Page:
I can’t figure out if this post is about Microsoft’s Flash killer, Silverlight, or the most anticipated game of the year, Halo 3. Tim Sneath posted about the new Halo 3 Game Guide that has gone live and its using Silverlight to get the message across.
With the local launch of Halo 3 this coming Wednesday, the 26th of September 2007, the Halo 3 Game Guide is a valuable resource for South African gamers that don’t know too much about what happened in the original Halo and Halo 2; not that I believe you need to know the story to enjoy the game.
The game guide also explains the game controls, heads-up display, characters, weapons, equipment, vehicles and explains how to use some of the very cool new features like The Forge.
The Forge is a new game mode that allows you to tweak, create, or even destroy the objects present on any multiplayer map. In short, welcome to world domination!
If you haven’t pre-ordered your copy for your Xbox 360 yet then I suggest you get hold of a retailer like BT Games or a major retailer and reserve your copy quickly as this game is going to be flying off the shelves this week.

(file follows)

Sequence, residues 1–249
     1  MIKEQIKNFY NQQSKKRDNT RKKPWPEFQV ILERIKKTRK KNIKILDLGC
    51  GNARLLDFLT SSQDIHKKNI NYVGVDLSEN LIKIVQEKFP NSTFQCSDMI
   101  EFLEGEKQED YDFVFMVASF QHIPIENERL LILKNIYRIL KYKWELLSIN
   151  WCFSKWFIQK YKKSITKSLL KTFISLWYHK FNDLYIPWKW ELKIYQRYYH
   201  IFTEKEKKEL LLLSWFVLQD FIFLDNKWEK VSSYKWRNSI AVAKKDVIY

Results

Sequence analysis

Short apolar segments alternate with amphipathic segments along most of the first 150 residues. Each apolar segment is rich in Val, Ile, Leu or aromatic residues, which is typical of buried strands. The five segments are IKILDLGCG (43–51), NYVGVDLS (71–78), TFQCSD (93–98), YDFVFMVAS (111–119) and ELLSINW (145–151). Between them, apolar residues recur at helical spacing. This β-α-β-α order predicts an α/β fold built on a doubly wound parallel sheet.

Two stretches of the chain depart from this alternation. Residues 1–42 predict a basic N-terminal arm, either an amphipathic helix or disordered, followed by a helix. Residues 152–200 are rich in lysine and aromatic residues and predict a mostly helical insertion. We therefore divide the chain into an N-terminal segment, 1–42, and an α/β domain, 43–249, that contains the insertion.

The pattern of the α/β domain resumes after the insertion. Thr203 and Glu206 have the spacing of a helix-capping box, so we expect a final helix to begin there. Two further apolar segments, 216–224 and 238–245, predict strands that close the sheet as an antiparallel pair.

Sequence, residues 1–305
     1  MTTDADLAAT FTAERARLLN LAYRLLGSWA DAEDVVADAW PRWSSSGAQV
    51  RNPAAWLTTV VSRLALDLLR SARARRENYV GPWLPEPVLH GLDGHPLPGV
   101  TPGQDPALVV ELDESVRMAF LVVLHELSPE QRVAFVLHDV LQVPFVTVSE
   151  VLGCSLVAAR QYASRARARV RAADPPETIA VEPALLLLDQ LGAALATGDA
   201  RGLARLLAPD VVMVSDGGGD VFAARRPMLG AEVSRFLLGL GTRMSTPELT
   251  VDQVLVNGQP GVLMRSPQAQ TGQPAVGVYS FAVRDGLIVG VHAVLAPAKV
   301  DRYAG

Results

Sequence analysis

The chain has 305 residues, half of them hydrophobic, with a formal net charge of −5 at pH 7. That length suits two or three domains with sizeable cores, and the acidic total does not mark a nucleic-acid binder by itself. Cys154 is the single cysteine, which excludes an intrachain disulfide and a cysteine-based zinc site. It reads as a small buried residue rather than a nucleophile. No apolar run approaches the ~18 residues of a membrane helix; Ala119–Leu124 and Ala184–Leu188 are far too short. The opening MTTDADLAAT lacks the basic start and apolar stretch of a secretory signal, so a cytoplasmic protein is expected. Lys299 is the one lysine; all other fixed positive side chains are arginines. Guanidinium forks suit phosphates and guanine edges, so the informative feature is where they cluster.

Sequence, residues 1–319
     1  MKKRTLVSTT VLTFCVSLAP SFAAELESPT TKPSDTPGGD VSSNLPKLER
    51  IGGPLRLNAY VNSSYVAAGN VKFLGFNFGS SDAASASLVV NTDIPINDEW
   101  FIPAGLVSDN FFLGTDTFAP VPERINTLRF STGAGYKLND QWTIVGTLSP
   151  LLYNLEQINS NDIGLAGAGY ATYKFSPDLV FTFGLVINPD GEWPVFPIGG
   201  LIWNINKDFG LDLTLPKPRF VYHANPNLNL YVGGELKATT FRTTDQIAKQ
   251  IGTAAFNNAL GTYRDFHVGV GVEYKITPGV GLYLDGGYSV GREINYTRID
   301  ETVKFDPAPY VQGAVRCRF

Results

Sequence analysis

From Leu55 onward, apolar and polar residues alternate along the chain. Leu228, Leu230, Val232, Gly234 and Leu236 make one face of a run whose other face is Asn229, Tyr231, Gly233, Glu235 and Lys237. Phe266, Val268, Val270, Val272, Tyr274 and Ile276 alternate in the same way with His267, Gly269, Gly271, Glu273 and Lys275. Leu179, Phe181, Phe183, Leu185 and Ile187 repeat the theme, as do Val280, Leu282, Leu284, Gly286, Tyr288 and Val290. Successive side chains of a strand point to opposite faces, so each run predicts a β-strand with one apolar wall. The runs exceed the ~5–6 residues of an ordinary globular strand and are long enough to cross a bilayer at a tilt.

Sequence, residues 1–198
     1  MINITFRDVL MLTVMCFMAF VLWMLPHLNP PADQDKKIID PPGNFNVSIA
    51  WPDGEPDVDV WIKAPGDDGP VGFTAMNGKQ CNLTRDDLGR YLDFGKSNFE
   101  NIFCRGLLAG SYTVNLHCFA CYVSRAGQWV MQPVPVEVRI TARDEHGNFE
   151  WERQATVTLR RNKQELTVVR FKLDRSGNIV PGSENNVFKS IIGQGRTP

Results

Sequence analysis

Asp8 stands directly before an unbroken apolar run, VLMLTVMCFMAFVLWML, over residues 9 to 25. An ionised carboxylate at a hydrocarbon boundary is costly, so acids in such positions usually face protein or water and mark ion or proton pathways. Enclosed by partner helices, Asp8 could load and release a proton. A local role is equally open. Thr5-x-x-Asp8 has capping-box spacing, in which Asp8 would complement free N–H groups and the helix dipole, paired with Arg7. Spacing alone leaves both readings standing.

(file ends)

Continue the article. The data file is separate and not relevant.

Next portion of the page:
Why does the Microsoft Visual Studio team not follow the best practices internally? When creating a Silverlight 1.1 UserControl under Visual Studio 2008 Beta 2 it generates the following code by default.
System.IO.Stream s = this.GetType().Assembly.GetManifestResourceStream("Project1.UserControl1.xaml");
Most developers would realise that this is not good code. Why do I say this, well firstly the code is creating two objects, a System.IO.UnmanagedMemoryStream and a System.IO.StreamReader, that implement IDisposable and are not disposing the objects immediately after use. Yeah sure the finalizer will take care of any unmanaged resources at the end of the day but why not just release the resources in a predictable and up front manner. I have recommended that Microsoft use the following instead.
using (System.IO.Stream s = this.GetType().Assembly.GetManifestResourceStream("Project1.UserControl1.xaml"))
using (System.IO.StreamReader sr = new System.IO.StreamReader(s))
If you feel strongly about best practices, please take a moment and vote for this on the feedback site here.
[tags]Visual Studio,Silverlight,best practices[/tags]